We all did need a geography lesson for this one. We had no clue where these islands really were. Thank goodness for our atlas.
Cultural influences on this country include African, Indonesian, Arabic and Portugese, resulting in Comorians utilizing many different types of spices and exotic ingredients. A typical Comorian meal always contains rice and meat or fish, seasoned with one of the many locally produced ingredients like vanilla, coriander, cardamom, cloves, cinnamon and nutmeg. The Portugese introduced products from the New World to the islands and many dishes include ingredients such as bell peppers, maize, chillies, tomatoes, bananas, pineapples, limes and oranges.
I was immediately intrigued by a recipe for lobsters with vanilla sauce, served with clover sprouts. As always I made a few adaptations, substituting prawns for lobster (pocket-book consideration) and radish sprouts for clover sprouts (availability consideration) and more. So while Riley went to his mandolin lesson, Dylan strapped on a apron and went to work.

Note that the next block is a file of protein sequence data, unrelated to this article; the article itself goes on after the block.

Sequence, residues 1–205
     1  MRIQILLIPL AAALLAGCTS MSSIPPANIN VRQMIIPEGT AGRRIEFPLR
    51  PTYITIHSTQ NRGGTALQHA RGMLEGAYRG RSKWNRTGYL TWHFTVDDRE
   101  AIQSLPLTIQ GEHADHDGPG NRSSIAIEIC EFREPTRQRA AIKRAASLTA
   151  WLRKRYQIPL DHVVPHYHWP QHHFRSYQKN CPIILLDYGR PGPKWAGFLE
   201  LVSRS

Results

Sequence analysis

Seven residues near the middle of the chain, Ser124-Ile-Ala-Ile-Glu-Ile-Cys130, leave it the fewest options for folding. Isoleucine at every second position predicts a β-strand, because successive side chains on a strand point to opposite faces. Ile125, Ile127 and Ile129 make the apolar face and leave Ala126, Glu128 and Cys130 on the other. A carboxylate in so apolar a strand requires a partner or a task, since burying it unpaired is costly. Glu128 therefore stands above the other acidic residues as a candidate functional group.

Roasted Prawns with Vanilla Sauce
served on a bed of wilted wild arugula with garlic and radish sprouts
- 2 pounds of prawns
- 1 T coconut oil
- 1 T olive oil
- 6 T butter
- 1 medium onion, peeled and chopped
- 1/2 C white beer (the traditional recipe called for white wine)
- 2 T honey balsamic vinegar (the traditional recipe called for white wine vinegar)
- 1 vanilla bean, split lengthwise
- freshly ground pink Himalaya salt to taste
- freshly ground flower pepper to taste
- 1-1/2 pounds wild arugula (the traditional recipe called for spinach)
- 2 T minced garlic
- radish sprouts
In the meantime, make the vanilla sauce. Split a vanilla bean down the middle. Scrape the seeds out.
In a large sauce pan, heat the coconut oil and olive oil. Add the onions and sauté over low heat until soft and translucent, about 3 minutes. Add the vanilla pod, beer and vinegar, raising the heat and cooking at a moderate boil until the liquid is reduced, about 5 minutes. Remove the pan from the heat, and whisk in 6 tablespoons of butter, 1 tablespoon at a time until all is incorporated. Scrape the seeds from the vanilla bean into the sauce and stir to combine. Season with salt and pepper, and set aside.
When the prawns are cool enough to handle, remove the shells from the body. Try to leave the tail and head intact. Loosely cover the meat with aluminum foil, and keep warm.
In a flat-bottom pan, heat a splash of olive oil and quickly brown the minced garlic. Stir in the arugula continue to cook, stirring occasionally, until the greens become tender, about 5 minutes. Season them with salt and pepper.